Scientific fraud is an important issue that can give rise to complex ethical problems. The mystery novel Gaudy night (1936), by Dorothy L. Sayers, offers a concrete example. When he is about to defend his doctoral thesis, a scientist discovers a little-known document that demolishes his work. Temptation is too strong, he steals the document and proceeds with his thesis. Unfortunately (for him) one of the university committee was aware of the existence of the document, tries to look it up and discovers that it is missing, and who was the last person who consulted it. The fraud is thus discovered, the thesis is rejected, the case is made public and the researcher is dismissed with unfavorable comments that put an end to his scientific career. As he must support a family, he has to accept a job below his level and finally commits suicide.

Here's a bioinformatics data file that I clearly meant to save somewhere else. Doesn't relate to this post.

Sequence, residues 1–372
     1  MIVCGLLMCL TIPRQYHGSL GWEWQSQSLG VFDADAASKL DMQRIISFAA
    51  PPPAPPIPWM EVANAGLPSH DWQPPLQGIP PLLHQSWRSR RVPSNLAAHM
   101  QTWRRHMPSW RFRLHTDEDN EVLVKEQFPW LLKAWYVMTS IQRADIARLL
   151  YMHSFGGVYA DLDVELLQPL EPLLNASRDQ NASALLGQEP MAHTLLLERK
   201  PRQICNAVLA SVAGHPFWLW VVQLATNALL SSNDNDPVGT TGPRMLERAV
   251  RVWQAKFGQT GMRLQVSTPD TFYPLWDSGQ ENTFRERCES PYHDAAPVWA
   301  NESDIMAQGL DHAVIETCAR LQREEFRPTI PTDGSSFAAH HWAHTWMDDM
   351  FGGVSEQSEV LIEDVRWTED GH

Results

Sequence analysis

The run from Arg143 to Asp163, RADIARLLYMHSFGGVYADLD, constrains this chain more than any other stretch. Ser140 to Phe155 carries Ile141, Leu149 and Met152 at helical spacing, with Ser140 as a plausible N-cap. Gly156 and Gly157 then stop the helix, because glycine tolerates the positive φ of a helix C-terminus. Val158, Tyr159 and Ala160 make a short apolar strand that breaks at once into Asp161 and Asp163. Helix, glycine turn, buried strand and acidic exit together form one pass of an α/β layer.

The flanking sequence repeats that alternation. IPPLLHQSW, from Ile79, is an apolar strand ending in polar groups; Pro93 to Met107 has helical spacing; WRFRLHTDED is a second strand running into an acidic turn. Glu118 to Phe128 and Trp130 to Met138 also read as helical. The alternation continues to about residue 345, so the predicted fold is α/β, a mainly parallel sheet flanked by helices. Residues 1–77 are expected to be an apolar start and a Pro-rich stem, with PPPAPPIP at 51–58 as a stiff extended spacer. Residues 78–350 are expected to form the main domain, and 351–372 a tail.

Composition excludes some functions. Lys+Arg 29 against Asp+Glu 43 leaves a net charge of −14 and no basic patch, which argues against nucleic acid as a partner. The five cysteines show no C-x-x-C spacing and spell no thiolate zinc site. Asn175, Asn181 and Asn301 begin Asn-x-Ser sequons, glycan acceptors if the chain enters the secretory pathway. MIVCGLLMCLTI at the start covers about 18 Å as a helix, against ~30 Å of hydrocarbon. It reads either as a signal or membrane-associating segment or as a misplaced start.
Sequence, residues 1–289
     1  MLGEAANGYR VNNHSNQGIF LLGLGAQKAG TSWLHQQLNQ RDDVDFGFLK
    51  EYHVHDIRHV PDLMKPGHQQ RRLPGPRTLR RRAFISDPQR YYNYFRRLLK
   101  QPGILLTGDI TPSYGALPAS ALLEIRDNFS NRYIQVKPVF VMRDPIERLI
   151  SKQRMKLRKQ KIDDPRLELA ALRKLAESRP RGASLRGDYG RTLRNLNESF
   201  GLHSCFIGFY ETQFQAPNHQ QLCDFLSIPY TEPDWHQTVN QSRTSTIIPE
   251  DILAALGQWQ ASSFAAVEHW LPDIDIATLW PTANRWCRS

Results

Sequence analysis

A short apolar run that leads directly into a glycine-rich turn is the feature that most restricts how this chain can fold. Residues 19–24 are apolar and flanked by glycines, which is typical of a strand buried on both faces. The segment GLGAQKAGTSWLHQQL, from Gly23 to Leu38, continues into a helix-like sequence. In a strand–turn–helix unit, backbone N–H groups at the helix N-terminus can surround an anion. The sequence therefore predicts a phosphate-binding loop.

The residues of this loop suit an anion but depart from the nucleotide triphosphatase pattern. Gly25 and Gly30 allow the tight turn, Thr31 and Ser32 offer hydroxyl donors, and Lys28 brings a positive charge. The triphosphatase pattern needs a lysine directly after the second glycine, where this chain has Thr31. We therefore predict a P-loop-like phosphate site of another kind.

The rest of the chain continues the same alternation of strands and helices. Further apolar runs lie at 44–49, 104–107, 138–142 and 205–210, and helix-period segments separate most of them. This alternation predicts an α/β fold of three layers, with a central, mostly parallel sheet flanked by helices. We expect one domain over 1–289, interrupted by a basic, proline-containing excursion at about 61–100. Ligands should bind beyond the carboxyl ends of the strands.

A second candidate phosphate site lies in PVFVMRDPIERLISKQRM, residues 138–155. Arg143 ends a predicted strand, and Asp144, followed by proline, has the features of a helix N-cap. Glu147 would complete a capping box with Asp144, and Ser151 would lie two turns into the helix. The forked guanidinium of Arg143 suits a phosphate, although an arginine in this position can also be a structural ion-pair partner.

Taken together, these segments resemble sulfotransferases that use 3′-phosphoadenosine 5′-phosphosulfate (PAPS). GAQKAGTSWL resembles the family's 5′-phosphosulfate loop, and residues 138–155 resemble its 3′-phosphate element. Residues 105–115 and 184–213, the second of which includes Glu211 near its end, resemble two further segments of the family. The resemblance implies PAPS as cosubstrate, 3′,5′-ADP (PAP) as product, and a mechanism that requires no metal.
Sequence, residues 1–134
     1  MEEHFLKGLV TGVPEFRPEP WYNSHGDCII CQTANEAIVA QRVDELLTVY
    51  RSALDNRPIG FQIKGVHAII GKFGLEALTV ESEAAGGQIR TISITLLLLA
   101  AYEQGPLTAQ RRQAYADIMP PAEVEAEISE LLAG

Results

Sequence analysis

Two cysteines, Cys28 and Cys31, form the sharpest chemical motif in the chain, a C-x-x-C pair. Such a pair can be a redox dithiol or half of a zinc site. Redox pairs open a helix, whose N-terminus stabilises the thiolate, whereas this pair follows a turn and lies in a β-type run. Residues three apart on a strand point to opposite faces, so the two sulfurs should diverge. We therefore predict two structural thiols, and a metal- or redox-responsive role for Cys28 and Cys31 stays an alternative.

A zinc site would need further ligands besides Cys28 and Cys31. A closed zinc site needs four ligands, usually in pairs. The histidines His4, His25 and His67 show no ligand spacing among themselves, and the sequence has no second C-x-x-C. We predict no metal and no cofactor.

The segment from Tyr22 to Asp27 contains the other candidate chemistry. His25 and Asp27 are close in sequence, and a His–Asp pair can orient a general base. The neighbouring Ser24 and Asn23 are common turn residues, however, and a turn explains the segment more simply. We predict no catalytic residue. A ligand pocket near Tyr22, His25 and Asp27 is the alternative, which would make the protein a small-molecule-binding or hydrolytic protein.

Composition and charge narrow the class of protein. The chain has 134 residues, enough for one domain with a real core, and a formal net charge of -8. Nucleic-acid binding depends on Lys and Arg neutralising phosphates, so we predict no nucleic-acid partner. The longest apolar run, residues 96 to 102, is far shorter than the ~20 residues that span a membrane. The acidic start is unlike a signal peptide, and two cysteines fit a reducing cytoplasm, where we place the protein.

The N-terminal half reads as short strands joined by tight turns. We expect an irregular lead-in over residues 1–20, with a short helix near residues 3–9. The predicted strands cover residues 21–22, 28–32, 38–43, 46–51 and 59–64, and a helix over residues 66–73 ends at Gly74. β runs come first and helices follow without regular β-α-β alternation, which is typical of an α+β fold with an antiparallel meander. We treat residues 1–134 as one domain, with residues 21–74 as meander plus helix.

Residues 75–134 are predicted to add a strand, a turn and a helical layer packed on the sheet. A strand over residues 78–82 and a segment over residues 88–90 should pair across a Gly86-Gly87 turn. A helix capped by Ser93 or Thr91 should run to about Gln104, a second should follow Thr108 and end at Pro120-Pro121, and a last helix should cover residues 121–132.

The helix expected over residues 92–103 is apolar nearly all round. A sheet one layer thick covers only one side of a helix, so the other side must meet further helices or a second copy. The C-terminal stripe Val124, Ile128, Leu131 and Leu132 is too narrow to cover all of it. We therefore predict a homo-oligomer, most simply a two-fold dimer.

The characters in the novel formulate the following ethical problem: Must a person give up his vocation because of having yielded just once to a temptation of fraud? What comes first, the integrity of science or the fate and perhaps even the life of an individual human being? In the words of one of the characters: [That old piece of paper] made no difference to anybody. It wouldn’t have helped a single man or woman or child in the world - it wouldn’t have kept a cat alive; but you killed him for it.